postheadericon Frost living a dream with NFR bid

RANDLETT, Utah – As a child, Joe Frost did what most kids do: He let his imagination take him anywhere it wanted to go.

Even then, his imagination carried Frost along the rodeo trail. It’s what he knew. It’s how he lived.

“We didn’t play football or baseball,” he said. “When we played, we pretended we were at the NFR. We based everything off rodeoing, winning go-rounds. We didn’t know anything else and didn’t want to do anything else.”

Childhood is about wonder and fascination. It’s about playing in the dirt and dreaming big dreams.

Joe Frost is living his dreams in rodeo. The 2014 National Intercollegiate Rodeo Association bull riding champion will now carry his amazing season over to the Wrangler National Finals Rodeo, the sport’s marquee event that takes place Dec. 4-13 in Las Vegas.

Joe Frost

Joe Frost

“It’s something that’s been a goal and a plan for as long as I can remember,” said Frost, 22, of Randlett. “It’s everybody’s dream to ride at the national finals and to win a world title. You can’t win a world title without making it to the national finals.

“When you’re in youth rodeos and high school rodeos and college rodeos, you’re riding with that goal in mind. The films that everybody watches are from the NFR. That is the ultimate goal and the ultimate place to ride at.”

Frost earned his way to the game’s grand championship by winning $69,558 through the rigors of the Professional Rodeo Cowboys Association regular season. He is 11th in the world standings heading into Las Vegas, where he will battle for his share of the $6.375 million purse. Go-round winners will collect $19,000 each round for 10 nights.

But there’s so much more to Frost, who also competes in tie-down roping and steer wrestling when his schedule allows. In fact, the Utah cowboy earned the 2014 Linderman Award for excelling in both roughstock and timed events.

“I enter about 12 to 15 rodeos roping calves and steer wrestling and go to about 80 to 90 in bull riding,” he said. “I’m not consistently roping calves and steer wrestling, and it’s making it hard to be as competitive as I should be.

“In steer wrestling and calf roping, there are so many variables with your horse, drawing the animals you can win on and everything that goes with it. You can virtually not get on a practice bull all year long and still be sharp in bull riding just by competing.”

In addition to competing in ProRodeo, Frost is in the middle of his senior season at Oklahoma Panhandle State University in the small community of Goodwell, Okla. In 2013, he was one of the key members of the Panhandle State team that won the men’s college title. This past June, he rode all four bulls at the College National Finals Rodeo to claim the bull riding title.

He is the only contestant in this year’s NFR field of 119 contestants who has a chance to win the college title and the world title in the same year. The last time that was done was in 2007, when Panhandle State rodeo team alumnus Taos Muncy did so in saddle bronc riding, becoming just the third cowboy in PRCA history to have won both crowns in the same calendar year.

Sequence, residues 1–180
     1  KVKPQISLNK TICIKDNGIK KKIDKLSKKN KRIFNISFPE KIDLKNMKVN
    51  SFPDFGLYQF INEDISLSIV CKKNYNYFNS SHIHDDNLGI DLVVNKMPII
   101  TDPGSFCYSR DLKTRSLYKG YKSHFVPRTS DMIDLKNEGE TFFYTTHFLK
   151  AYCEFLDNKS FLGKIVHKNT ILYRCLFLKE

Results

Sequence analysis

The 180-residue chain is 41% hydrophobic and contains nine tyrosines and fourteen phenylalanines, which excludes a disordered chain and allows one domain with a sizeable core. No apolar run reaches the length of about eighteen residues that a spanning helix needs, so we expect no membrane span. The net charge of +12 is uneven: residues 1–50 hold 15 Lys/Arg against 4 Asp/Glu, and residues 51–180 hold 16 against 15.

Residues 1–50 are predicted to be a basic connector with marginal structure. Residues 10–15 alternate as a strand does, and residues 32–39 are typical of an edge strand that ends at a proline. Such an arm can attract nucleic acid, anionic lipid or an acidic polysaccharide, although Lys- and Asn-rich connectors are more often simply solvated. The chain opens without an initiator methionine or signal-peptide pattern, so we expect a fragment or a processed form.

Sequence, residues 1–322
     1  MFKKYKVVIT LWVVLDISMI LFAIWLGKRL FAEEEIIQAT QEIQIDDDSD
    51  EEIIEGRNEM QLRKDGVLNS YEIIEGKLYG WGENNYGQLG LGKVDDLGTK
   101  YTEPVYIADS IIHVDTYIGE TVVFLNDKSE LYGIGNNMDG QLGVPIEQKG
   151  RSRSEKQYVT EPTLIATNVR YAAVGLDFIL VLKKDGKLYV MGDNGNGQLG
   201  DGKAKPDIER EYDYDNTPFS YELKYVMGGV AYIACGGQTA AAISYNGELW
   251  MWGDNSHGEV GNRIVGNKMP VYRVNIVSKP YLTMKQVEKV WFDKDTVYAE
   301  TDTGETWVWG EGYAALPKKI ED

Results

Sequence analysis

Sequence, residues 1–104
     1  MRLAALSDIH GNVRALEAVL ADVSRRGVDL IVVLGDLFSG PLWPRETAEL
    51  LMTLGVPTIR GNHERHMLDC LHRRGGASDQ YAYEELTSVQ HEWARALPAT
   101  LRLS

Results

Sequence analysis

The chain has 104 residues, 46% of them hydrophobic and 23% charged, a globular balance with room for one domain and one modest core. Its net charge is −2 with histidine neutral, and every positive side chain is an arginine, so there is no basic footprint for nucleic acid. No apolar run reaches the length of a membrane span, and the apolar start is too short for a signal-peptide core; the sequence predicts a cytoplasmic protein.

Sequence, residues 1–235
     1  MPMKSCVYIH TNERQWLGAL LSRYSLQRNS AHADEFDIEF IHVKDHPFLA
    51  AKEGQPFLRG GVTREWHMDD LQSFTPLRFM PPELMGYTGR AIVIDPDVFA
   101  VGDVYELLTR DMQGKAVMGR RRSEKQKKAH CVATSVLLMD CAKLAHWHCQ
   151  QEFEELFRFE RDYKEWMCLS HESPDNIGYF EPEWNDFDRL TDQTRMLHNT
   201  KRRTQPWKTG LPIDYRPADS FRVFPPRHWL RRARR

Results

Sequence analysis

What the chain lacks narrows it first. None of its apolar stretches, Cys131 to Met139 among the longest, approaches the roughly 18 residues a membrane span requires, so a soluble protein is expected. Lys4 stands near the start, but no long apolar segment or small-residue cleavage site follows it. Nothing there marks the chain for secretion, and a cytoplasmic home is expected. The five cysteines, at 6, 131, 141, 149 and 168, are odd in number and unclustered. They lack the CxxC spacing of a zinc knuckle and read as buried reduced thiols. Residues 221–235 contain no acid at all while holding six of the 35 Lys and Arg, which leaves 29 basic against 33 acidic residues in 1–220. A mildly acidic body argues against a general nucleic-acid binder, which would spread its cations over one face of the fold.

“When I first came to look at school, they have an office, and it’s Taos Muncy’s,” said Frost, who has sponsorship arrangements with Rodeo Mart and Wrangler. “(Coach) Craig Latham told me, ‘If you win the college title and the world title in the same year, we’ll build you an office.’ ”

That certainly was appealing to a young man looking toward his future, but there were several other reasons why he chose to move from the Utah mountains to the Plains of the Oklahoma Panhandle. He was offered an opportunity to grow as a cowboy and as a young man; both are vital for the Frost family: dad, Shane; mom, Lisa; brothers Josh, 19, and Jate, 13; and sister, Jacelyn, 10.

“College rodeo as allowed me to get an education,” he said. “Craig and Robert (Etbauer) have been really good with me to go to ProRodeos. It’s a huge priority for me to win the region team title. As much as I’d love to win the college bull riding title again, it would be more important for me to help win the team title again.”

While the team approach is amazing for college, Frost has individual goals for his inaugural visit to the NFR. He knows it’s going to take a lot of talent and a little luck for it all to come together, but that’s the way the bull riding bull bounces.

“My goal is to win the average and leave as the world champion,” Frost said. “My main goal is to ride 10 bulls one at a time. If I can keep my focus on my bull riding, then I need to take advantage of the opportunities that are presented. I’m going to keep it simple and keep it about riding bulls, then everything else will take care of itself.”

That’s a brilliant outlook for such a young cowboy, but he was raised that way. Shane Frost rode bulls, then raised a family on their Utah ranch. He and Lisa’s four children have been involved in riding horses and ranching all their lives. Shane built an arena just feet from the front door of the house, and the kids have had every opportunity to ride, rope and wrestle.

“Our family life was based off ranching, and every night we were out there practicing,” Joe Frost said. “My family is really close. It’s important when we can be together.

“As far as my bull riding career, I’ve never been to a bull riding school. Being around my dad, it doesn’t matter what you’re doing, he can relate it back to bull riding and rodeo. You need to have a good attitude.”

That has gone a long ways in making Joe Frost who he is. That’s why he’s going to the NFR in 2014. That’s why he’s 22 years old and already a champion.

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